Babies are Babies, No Matter What Species...
In well-delivered voice over narration, Morgan Freeman compares the animal babies to human babies time and again, referring frequently to the sensitivity and intelligence of the elephants and orangutans. And, with the closeness provided by IMAX 3D technology and the filmmaker's up close and personal approach, you are able to observe and understand the ways in which the animals communicate with each other and their human handlers. It's fascinating, and very moving. You see how bonds are formed as the elephants and orangutans become attached to their caregivers, and you see how the babies look after each other.
The film is filled with facts, too, about the ways in which these wonderful creatures of the wild become orphaned, and statistics, and other information that set it clearly within the guidelines of advocacy, but it is never preachy.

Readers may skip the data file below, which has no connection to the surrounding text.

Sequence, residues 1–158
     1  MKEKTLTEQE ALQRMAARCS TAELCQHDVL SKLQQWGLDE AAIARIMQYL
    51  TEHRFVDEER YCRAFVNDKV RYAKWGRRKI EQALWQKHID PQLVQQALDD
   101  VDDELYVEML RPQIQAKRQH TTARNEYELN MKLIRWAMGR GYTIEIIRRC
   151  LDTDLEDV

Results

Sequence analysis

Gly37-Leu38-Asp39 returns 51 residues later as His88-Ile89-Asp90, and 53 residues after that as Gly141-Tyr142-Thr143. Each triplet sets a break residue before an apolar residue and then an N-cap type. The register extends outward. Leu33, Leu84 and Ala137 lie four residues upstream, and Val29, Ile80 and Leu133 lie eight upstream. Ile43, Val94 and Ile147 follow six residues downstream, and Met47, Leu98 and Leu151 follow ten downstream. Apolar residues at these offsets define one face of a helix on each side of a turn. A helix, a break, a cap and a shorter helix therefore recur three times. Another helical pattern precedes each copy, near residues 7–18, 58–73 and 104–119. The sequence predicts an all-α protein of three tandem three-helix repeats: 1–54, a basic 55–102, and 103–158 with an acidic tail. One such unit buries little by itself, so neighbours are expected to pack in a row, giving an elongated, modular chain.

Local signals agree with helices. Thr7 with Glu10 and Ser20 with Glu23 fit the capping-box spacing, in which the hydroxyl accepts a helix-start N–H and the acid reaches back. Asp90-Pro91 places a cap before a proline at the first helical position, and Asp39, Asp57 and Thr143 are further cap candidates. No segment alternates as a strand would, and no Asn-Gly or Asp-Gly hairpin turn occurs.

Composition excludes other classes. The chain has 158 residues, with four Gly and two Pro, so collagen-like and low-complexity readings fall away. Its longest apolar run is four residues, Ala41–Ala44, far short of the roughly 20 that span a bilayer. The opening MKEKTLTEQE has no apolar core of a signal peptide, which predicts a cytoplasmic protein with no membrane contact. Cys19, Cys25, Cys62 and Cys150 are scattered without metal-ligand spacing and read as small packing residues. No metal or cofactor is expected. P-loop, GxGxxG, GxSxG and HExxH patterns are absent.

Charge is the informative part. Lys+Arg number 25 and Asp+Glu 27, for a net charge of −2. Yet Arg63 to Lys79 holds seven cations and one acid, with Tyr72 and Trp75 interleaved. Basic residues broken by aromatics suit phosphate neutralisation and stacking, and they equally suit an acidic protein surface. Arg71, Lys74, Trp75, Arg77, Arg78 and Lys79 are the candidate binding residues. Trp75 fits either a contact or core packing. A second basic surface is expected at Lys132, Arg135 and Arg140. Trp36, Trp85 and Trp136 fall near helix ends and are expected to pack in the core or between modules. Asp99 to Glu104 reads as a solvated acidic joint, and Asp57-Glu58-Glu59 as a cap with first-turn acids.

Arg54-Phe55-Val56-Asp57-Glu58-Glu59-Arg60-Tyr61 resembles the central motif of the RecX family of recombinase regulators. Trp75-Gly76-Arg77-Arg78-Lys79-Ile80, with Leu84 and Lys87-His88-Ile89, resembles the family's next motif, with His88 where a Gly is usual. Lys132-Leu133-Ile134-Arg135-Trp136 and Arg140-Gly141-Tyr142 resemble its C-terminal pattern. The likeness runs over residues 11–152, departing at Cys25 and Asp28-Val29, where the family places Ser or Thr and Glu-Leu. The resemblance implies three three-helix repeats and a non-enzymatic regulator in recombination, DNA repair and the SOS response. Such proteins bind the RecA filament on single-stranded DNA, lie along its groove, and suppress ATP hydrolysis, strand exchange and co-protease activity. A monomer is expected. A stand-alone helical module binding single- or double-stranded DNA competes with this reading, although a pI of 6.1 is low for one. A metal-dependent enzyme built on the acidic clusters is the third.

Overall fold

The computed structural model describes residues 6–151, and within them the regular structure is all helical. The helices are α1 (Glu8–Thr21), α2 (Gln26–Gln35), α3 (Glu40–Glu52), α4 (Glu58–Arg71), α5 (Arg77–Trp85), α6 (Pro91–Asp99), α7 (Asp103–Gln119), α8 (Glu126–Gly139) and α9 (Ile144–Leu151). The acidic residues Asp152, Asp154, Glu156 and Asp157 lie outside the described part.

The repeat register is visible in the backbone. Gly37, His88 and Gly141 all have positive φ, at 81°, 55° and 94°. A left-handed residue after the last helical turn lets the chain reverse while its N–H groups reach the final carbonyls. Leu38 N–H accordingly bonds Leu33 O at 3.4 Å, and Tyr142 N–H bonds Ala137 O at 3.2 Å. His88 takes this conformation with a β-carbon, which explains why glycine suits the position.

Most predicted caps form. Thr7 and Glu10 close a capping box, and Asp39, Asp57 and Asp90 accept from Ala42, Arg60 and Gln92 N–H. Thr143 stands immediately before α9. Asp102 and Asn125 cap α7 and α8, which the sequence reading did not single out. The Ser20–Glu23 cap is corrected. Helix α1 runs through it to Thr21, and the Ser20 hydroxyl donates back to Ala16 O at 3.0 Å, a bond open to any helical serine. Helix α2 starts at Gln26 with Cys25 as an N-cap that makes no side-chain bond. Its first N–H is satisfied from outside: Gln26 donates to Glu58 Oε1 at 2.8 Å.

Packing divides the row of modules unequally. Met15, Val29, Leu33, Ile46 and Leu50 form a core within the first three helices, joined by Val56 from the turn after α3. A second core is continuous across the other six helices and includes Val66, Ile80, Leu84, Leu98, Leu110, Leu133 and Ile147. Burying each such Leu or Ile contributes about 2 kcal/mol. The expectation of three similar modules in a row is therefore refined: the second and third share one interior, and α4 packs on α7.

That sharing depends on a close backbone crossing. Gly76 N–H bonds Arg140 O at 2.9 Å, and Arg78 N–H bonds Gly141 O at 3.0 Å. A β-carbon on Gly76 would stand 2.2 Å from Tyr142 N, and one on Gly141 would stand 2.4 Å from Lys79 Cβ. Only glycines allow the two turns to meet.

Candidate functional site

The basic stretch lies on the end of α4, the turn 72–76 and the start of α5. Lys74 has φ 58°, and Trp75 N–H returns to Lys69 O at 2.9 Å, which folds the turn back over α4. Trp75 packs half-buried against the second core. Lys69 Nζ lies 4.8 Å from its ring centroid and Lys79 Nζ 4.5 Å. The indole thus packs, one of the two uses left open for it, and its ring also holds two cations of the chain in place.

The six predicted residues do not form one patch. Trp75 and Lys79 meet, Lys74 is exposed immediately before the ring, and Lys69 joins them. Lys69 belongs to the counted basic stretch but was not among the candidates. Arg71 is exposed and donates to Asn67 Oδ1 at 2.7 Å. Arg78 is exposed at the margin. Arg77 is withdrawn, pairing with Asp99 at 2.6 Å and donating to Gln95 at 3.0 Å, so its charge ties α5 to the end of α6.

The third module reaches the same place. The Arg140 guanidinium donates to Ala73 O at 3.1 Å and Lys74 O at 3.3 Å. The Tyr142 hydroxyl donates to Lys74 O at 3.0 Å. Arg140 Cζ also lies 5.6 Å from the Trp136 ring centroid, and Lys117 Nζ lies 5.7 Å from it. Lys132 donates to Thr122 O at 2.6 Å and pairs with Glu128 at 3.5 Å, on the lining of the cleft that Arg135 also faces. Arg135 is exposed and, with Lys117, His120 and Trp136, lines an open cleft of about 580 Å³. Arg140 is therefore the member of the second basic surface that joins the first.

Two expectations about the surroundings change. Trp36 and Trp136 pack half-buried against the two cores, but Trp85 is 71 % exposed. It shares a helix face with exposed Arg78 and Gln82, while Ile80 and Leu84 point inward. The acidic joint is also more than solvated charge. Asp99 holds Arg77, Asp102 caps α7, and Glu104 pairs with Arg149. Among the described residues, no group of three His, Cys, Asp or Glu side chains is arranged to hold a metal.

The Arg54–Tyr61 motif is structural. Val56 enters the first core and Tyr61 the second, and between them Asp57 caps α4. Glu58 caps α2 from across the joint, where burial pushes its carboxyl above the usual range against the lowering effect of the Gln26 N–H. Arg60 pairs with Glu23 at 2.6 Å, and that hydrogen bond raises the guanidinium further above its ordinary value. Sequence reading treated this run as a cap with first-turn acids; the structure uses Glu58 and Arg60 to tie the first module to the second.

Birute Galdikas, who looks after the orangutans, and Daphne Sheldrick, who cares for elephants, are wonderful characters who hold the film together as the stories of the baby orangutans and elephants, who live apart, are intertwined. The 40-minute film is a technological wonder that takes you on a cinematic dual cinematic safari where you're closer to the animals than you could be in real life, and engages you in such a way that by the time you walk out of the theatre you're ready to board a plane to visit the orphanages and meet the wildlife in real life.
If You Like This Film, You May Also Like:
- Title: Born To Be Wild - 2011
- Director: David Lickley
- Release Date (USA): April 8, 2011 (limited, IMAX)
- Running Time: 40 mins.
- Parental Advisory: Content advisory for parents
- Locations: Borneo, Kenya
- Language: English
- Production Country: USA
- Production Company: IMAX
- Distribution Company: Warner Bros.
- Official Website